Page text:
By SCOTT VOISIN
—Autograph April 2010
For fans of horror and science fiction, Jeffrey Combs is a man who needs no introduction. The mention of his name conjures up a number of memorable characters he’s played over the years, but the one role Combs is most often identified with—and probably forever will be—is that of Dr. Herbert West in the 1985 cult classic, Re-Animator.
“A lot of happy accidents made that piece come together,” he says. “The casting was great, it’s directed with such energy and honesty, the editing is great, the music’s spot-on…. A lot of things have to come together in order to make a movie something special, and at that early point in my career, I thought that’s just how things would go. Having done a lot of movies since then, I know that’s not the case. It’s a very hard and mysterious alchemy to put together a wonderful movie like Re-Animator.”
The success of the film and its two sequels led to more genre work for Combs, including a memorable role in the 1996 horror/comedy, The Frighteners. Although the movie was a big studio production starring Michael J. Fox and directed by Peter (Lord of the Rings) Jackson, Combs feels the film never had a fair chance to succeed.
“It was put out at the wrong time with the wrong ad campaign,” he explains. “It came out in the middle of July—which was boneheaded and dumb because it’s really kind of a Halloween movie—and I don’t think the studio knew what it had. What they sold was a happy, live-action Casper starring Michael J. Fox. All of the hardcore horror fans said, ‘That’s not something I’m interested in,’ and halfway through the film, the people who thought that it might be a nice date movie said, ‘Oh, my God, this is going someplace dark we didn’t expect.’ The studio kind of did a disservice to both audiences.”
Although Combs has become a modern day genre icon, mainstream recognition has proven to be more elusive. “It’s very frustrating in a lot of ways because the industry likes to put you in a box, really fast,” he says. “In one way, the underground notoriety of Re-Animator has kept me working, but in another way it locked me out of a lot of things…. I have to constantly remind myself that at least I was known for something. There are a lot of really great actors out there that never catch that.”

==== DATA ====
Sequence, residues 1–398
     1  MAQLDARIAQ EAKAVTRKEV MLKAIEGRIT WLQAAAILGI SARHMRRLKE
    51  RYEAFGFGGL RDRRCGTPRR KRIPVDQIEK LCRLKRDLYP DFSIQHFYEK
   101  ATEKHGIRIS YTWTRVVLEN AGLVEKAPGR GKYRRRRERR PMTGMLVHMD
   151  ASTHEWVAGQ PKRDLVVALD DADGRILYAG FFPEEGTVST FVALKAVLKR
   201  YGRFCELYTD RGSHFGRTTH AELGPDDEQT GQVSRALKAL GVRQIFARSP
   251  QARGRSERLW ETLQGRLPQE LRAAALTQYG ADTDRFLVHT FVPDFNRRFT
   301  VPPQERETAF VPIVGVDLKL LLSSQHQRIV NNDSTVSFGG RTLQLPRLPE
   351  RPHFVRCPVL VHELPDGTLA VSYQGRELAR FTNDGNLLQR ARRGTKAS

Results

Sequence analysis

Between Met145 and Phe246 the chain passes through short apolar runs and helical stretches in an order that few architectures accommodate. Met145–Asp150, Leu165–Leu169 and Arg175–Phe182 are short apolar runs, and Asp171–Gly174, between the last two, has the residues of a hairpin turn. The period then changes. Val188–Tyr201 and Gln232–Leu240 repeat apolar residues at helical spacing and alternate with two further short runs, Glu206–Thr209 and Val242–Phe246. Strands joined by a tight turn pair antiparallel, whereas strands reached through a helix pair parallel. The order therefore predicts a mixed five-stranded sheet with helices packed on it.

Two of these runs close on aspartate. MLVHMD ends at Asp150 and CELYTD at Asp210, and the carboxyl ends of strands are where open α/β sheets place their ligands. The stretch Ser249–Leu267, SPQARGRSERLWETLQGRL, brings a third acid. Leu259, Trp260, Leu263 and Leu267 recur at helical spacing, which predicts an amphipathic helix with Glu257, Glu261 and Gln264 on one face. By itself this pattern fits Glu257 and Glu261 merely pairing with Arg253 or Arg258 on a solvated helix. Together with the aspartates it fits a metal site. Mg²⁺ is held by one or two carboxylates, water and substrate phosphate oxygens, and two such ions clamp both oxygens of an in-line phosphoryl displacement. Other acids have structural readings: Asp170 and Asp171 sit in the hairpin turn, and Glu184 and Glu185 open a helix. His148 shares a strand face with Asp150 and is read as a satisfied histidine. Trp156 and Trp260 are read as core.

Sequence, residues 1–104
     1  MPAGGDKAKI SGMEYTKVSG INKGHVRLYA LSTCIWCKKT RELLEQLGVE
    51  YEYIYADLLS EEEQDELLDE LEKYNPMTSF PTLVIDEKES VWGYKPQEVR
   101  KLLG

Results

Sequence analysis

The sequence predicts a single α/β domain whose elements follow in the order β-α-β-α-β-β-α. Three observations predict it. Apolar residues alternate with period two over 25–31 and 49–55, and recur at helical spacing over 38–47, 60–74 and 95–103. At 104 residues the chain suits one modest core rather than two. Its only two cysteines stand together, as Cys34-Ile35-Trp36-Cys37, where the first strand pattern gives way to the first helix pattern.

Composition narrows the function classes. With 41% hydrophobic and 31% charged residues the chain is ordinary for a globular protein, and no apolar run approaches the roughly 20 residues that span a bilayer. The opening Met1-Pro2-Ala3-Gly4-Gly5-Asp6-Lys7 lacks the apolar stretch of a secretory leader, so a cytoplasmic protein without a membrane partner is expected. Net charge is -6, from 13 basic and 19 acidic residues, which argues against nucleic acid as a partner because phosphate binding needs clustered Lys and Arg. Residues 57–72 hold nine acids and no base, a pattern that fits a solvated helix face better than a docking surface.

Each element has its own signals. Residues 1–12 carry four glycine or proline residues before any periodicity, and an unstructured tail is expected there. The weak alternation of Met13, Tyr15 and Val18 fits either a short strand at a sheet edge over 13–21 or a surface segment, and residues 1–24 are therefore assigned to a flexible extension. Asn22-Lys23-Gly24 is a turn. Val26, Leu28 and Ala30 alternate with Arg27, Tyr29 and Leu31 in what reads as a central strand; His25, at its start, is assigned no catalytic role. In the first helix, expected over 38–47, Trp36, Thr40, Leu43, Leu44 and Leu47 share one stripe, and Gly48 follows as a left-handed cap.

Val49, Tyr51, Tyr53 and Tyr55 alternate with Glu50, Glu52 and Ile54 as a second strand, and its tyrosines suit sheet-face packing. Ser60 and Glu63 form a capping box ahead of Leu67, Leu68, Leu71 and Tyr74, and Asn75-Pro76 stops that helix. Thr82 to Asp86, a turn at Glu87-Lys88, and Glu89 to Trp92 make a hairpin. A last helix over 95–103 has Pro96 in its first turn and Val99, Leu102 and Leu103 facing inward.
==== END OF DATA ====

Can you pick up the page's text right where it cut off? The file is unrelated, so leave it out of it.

These days, Combs is also becoming known for portraying writer Edgar Allan Poe in the one man play, Nevermore. The production was inspired by an episode of the Masters of Horror series called The Black Cat, which reunited Combs with the writer, Dennis Paoli, and director Stuart Gordon of Re-Animator.
“Long before The Black Cat came along, I read a biography of Poe and I was really taken with his pathos, his genius and how self-destructive he was,” Combs says. “He was a historical figure that had never been examined on film. I told Stuart, ‘I’d like to play this guy,’ and he came to me about a year and a half later with a script. Dennis and Stuart realized they could make the story a mix between Poe’s fiction and the real-life man who wrote it. Poe is sort of America’s Van Gogh, a self-destructive individual who was destroyed by his own madness and yet left us great things. It was an awesome responsibility to portray him, and I had a tremendous amount of pressure on me to convey him as clearly as I could. I’m very proud of how it turned out.”
The Los Angeles production of Nevermore has earned Combs raves from critics and audiences. In fact, it was so successful that there’s talk of touring across the country. You can check out Combs’ Web site, www.jeffreycombs.com to see a list of conventions he will be attending. Unfortunately he no longer signs through the mail. Perhaps 2010 will be the year that people take notice of Combs, and he will be relegated to genre obscurity…nevermore.